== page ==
FINDLAY, Ohio (CBS Local) — Pharmacy students in Ohio say they may have discovered a drug to target the one of the most aggressive forms of cancer.

Glioblastoma is a cancer that develops in the brain or spinal cord. It is nearly impossible to remove because tumors often overlap with healthy brain tissue.

The National Cancer Institute says the five-year survival rate is about 15 percent. But researchers at the University of Findlay may have created a drug to improve that statistic.

The new drug, nicknamed “RK-15,” is from a compound found in Indian curry called chalcone.

“In my grad school I had worked on natural products and that was kind of like an inspiration for making this designer drug,” Dr. Rahul Khupse, a medicinal chemist working on the project at UF, told WNWO.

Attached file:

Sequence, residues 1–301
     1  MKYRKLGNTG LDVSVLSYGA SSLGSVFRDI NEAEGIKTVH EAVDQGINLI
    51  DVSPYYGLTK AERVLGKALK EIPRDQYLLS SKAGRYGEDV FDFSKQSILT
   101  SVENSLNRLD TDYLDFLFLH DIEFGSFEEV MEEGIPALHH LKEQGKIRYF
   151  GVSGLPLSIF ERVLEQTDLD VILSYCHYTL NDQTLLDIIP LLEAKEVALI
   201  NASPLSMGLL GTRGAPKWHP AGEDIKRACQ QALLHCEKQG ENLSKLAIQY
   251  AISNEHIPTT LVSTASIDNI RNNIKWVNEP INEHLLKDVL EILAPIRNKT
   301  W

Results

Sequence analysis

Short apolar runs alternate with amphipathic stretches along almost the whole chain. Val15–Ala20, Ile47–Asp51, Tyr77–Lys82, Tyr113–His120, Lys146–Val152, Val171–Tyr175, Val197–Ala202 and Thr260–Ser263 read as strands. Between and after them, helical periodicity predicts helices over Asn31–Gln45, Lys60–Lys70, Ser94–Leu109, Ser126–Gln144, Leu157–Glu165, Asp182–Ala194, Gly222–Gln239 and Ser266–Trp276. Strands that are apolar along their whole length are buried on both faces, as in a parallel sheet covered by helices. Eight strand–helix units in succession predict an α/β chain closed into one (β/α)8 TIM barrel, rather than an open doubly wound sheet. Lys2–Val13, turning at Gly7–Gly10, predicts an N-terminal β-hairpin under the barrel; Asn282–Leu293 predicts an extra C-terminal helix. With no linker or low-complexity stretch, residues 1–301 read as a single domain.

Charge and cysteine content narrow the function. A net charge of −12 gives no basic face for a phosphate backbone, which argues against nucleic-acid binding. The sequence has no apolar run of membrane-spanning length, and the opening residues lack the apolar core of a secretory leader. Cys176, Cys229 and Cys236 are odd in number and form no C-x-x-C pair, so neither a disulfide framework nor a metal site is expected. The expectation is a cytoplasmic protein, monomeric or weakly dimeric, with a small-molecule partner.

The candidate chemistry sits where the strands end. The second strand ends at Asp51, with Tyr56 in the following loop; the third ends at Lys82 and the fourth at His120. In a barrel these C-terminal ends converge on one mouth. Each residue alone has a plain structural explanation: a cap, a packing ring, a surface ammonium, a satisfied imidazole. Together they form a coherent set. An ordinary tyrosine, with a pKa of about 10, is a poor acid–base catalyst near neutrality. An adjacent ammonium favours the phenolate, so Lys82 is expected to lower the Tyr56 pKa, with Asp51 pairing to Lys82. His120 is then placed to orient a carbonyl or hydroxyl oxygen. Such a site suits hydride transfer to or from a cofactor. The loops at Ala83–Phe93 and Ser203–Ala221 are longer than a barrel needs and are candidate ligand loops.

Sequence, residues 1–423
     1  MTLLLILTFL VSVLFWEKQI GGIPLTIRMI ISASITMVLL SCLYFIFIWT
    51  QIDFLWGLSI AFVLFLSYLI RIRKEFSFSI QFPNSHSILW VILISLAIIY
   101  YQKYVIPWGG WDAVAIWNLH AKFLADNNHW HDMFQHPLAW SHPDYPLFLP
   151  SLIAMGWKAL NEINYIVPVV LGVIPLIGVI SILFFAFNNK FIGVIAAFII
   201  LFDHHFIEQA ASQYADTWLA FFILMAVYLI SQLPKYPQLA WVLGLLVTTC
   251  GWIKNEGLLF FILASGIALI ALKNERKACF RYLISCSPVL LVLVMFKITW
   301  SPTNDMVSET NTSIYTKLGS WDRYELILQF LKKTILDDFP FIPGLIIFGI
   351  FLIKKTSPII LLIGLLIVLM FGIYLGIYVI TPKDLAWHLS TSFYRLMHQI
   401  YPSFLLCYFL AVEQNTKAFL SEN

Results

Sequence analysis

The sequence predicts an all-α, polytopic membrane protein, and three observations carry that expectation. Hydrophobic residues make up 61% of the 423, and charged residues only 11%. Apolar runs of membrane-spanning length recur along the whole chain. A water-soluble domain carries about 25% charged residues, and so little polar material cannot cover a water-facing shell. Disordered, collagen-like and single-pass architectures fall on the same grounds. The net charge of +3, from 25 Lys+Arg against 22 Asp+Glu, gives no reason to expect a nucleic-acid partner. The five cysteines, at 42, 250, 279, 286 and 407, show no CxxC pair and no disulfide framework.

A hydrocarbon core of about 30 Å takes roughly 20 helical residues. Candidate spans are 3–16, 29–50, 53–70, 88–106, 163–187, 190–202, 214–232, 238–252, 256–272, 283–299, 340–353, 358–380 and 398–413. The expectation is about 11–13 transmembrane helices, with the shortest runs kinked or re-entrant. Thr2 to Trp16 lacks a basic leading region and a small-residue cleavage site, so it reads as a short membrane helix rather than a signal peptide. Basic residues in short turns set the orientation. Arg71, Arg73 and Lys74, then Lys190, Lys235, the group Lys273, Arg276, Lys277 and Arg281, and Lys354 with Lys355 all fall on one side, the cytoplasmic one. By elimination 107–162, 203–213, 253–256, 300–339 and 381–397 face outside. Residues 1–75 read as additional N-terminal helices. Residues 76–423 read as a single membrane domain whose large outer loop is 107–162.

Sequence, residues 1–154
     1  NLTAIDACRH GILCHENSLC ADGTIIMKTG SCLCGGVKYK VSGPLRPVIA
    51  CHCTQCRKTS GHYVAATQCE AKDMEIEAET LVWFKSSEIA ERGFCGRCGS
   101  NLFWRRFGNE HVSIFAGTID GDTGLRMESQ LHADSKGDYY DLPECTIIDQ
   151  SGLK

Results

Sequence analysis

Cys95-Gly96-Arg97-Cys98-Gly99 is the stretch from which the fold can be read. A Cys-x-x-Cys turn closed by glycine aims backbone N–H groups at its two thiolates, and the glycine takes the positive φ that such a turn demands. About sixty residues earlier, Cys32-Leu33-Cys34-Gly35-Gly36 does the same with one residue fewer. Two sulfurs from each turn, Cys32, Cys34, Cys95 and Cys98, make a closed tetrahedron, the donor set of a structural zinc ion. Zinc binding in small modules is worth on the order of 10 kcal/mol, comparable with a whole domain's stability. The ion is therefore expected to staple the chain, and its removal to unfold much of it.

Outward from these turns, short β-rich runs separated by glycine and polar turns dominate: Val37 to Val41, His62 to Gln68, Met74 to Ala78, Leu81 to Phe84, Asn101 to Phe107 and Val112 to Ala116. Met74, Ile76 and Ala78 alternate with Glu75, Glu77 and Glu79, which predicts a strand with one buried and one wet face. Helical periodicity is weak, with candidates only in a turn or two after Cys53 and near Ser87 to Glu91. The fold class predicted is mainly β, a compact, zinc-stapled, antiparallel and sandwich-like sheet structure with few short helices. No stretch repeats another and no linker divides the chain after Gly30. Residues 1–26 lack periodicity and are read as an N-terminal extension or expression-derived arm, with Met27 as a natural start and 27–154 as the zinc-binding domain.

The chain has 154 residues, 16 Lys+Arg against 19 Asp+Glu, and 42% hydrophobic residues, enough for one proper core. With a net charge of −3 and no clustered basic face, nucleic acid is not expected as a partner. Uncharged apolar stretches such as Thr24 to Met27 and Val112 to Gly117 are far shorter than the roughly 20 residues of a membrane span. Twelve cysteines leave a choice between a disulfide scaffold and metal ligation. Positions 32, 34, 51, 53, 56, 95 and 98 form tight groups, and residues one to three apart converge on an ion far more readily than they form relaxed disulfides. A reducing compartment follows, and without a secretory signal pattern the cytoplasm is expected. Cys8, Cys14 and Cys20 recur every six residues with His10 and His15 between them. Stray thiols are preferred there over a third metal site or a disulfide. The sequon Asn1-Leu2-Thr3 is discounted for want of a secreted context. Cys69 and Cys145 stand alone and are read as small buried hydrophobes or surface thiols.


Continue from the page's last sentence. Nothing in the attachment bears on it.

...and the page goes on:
Researchers say RK-15 selectivity targets only the brain cancer cells while sparing the healthy cells.

“Finding those compounds, we can not only get to the brain or get to the brain cancer, but also spare the normal cells, the normal brain cells. This is very, very important for us,” Khupse told CBS affiliate WTOL.

Dr. Khupse said RK-15 also penetrates the brain-blood barrier, or BBB, which is the brain’s defense system, while also targeting the resistant cancer cells.

Researchers said the next step is to test RK-15 on animals, which then could potentially be moved forward into human cancer patient studies.

The team at the University of Findlay is on year two of the typical 10 to 15 year track for getting a new drug from the lab to the patient.

There are approximately 14,000 cases of glioblastoma diagnosed each year in the United States. It is the same cancer that killed both U.S. senators Ted Kennedy and John McCain.